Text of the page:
2. Upright Row
    • How:
      • Stand with feet shoulder width apart and holding a barbell in front of you.
      • Pull weight up toward your chin and focus on keeping your elbows high and feeling the weight in your shoulders.
      • Lower weight back down and repeat.
    • Tips:
      • Use a weight that you can handle multiple reps on until the end of a 12 rep set.
      • Weights do not need to be heavy and just provide enough resistance to know that you are working.
    • Why:
      • Strong shoulders mean strong pull.
      • Strong shoulders mean less fatigue during recovery phase of the stroke.
  3. Push Up
    • How:
      • Do I need to explain how to do a push up?
      • Get on floor and PUSH YOUR BODY UP then lower and repeat.
    • Tip:
      • You can make the exercise different by moving hands closer together or further apart.
      • You can work the chest in a different manner by using a medicine ball under one hand and then switch.
    • Why:
      • The push up strengthens both the chest and the triceps which are key muscle groups to creating greater endurance and power.
  4. [caption id="attachment_7772" align="alignright" width="280"]swimming - triathlon - strength training - flutter kick - muscles Flutter Kick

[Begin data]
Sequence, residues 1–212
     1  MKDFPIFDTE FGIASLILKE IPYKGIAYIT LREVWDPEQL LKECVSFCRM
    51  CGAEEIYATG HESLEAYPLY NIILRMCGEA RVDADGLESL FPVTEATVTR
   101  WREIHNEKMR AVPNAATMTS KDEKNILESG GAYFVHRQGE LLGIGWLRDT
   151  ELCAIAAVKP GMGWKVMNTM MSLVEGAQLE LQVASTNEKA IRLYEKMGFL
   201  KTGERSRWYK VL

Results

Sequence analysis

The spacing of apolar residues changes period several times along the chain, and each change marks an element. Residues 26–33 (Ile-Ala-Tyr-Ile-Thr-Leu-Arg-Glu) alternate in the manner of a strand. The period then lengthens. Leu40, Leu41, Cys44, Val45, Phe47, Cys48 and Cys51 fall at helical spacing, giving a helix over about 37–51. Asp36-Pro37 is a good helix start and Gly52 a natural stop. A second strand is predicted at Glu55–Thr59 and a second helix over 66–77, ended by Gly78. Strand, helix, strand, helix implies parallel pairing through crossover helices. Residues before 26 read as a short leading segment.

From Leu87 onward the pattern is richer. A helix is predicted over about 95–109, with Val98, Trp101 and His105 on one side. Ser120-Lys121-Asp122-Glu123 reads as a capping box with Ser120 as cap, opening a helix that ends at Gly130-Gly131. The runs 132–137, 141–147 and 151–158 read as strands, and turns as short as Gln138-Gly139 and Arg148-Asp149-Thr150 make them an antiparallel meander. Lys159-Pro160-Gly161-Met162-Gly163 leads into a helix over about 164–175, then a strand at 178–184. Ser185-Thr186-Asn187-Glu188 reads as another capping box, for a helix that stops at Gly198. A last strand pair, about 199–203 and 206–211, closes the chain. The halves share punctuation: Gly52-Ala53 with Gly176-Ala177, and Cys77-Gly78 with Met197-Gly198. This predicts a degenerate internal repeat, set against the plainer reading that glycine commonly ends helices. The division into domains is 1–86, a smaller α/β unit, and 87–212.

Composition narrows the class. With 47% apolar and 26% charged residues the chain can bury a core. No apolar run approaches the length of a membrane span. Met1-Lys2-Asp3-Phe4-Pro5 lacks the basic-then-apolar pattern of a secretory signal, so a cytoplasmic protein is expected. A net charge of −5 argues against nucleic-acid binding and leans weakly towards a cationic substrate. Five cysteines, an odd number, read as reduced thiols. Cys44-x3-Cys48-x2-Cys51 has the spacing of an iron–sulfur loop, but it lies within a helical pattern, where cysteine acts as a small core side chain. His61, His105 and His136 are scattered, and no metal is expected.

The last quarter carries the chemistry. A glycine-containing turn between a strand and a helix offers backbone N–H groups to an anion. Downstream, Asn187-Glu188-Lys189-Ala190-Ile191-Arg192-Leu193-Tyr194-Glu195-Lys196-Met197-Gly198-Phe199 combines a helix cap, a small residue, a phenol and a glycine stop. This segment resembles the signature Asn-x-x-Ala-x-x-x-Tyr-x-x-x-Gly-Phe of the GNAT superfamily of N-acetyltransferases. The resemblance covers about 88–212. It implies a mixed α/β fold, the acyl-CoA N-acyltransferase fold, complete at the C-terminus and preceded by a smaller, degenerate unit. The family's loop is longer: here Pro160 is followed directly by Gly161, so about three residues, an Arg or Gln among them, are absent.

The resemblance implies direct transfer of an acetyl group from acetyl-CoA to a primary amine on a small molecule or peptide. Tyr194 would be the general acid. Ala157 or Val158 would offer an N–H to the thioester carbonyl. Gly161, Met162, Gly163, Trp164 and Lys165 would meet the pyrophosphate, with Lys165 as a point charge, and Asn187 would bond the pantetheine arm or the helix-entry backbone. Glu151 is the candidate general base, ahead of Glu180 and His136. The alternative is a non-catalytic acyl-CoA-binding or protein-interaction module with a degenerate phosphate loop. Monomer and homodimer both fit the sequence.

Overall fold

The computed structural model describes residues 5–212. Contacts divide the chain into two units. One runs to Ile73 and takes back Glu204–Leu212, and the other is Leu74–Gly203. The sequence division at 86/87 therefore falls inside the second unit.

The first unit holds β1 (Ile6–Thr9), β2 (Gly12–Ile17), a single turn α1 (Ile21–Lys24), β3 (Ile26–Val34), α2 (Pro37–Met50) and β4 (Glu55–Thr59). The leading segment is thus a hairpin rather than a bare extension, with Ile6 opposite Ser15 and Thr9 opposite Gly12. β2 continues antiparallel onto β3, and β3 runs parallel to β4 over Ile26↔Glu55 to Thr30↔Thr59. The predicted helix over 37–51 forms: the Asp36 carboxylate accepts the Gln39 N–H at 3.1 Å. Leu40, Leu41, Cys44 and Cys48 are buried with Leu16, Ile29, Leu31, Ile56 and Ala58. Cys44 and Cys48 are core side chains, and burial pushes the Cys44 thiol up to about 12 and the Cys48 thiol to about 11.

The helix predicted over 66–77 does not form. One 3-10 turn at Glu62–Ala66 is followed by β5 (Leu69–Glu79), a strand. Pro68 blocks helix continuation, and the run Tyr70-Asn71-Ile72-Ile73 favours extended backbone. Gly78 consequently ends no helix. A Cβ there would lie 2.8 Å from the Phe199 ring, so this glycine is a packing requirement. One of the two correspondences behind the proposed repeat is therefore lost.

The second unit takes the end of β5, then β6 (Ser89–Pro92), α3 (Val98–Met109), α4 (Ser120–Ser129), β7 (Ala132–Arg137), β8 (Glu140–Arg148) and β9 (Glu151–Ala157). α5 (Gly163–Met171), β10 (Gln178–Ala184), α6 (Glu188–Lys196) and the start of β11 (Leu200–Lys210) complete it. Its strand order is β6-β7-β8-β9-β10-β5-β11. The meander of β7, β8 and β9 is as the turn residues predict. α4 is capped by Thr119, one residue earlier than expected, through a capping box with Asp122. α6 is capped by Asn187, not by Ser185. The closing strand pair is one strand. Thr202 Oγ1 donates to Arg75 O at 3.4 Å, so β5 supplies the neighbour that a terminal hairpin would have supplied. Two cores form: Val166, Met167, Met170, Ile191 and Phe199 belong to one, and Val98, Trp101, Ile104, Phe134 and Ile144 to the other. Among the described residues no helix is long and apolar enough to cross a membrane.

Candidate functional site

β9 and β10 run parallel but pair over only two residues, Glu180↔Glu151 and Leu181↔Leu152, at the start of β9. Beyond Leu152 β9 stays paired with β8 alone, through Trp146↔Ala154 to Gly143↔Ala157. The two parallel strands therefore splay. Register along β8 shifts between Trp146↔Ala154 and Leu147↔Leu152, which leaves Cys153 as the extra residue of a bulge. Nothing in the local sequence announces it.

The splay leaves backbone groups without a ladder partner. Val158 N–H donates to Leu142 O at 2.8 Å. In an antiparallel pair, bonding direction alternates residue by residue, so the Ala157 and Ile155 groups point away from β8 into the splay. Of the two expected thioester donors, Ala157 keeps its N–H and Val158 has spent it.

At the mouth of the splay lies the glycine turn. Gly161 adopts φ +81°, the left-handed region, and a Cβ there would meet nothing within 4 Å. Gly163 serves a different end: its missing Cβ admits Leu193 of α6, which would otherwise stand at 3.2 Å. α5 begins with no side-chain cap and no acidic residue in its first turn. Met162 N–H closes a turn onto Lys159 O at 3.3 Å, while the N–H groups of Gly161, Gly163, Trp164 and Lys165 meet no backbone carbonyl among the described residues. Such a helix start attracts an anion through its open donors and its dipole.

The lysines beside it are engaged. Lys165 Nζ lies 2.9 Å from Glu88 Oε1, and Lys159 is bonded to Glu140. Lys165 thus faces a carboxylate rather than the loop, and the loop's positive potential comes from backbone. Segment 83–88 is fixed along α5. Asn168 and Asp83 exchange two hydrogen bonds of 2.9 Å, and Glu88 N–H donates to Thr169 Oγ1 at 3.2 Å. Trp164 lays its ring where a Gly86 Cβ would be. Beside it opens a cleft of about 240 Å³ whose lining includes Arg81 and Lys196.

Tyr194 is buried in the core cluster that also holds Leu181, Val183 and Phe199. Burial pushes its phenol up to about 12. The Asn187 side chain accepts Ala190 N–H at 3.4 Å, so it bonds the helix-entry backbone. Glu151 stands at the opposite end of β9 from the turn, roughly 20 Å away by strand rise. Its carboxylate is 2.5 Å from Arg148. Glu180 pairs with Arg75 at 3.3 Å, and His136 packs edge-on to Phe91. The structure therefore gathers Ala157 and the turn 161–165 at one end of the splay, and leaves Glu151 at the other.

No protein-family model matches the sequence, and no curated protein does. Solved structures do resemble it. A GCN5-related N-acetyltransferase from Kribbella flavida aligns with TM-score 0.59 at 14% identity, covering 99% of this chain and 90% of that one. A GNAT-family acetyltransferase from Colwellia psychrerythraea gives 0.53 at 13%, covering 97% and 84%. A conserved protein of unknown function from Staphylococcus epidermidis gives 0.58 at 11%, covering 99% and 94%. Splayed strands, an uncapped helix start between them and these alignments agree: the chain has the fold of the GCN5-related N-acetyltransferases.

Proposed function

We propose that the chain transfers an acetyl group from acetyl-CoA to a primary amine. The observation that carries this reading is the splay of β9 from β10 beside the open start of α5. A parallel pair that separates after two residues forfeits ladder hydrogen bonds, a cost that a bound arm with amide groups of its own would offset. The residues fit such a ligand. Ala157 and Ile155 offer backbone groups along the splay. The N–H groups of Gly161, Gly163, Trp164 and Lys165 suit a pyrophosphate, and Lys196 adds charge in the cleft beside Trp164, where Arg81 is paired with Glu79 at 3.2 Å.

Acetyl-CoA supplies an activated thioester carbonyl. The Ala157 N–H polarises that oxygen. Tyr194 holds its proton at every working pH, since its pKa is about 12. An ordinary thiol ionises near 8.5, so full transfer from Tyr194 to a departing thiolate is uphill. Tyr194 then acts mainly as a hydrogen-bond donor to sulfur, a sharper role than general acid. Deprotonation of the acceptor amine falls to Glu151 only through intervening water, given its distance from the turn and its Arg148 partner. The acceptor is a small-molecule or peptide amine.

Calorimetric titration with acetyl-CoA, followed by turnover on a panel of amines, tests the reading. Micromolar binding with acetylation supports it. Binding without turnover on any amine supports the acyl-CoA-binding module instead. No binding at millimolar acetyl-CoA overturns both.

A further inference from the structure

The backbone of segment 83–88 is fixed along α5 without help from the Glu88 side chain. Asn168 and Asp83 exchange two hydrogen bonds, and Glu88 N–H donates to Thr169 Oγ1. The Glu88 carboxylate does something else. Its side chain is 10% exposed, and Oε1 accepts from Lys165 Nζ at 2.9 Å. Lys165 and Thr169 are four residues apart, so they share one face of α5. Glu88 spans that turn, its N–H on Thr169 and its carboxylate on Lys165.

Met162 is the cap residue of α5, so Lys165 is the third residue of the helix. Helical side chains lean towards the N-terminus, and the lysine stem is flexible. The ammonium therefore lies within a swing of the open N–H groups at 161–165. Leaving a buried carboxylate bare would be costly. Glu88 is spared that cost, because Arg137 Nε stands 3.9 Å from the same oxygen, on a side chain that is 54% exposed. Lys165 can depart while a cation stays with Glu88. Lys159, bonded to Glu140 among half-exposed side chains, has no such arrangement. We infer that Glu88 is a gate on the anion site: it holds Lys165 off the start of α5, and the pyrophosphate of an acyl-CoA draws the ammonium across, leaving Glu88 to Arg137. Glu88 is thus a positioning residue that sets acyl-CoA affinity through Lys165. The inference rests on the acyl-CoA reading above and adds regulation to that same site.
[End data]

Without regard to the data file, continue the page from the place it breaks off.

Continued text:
Source: Worlds Fittest[/caption] Flutter Kick
    • How:
      • Lay on your back with toes pointed and arms down by your sides.
      • Lift your shoulders and hands slight off the ground so that you can feel your core working.
      • Raise feet up about 1 foot and then kick as if you were swimming
    • Why:
      • Help improve ankle flexibility which is needed with all the run training triathletes do.
      • Helps muscle memory for foot position which will aid the kicking during the freestyle stroke.
  5. Standing Straight Arm Pull Down
    • How:
      • With a straight back facing a pulley machine grab the bar.
      • Lower the bar in an arching motion with elbows flexed a bit until palms reach upper thighs.
      • Return bar to top of machine, slowly.
    • Why:
      • The starting of this exercise mimics the initial pull phase of a freestyle stroke.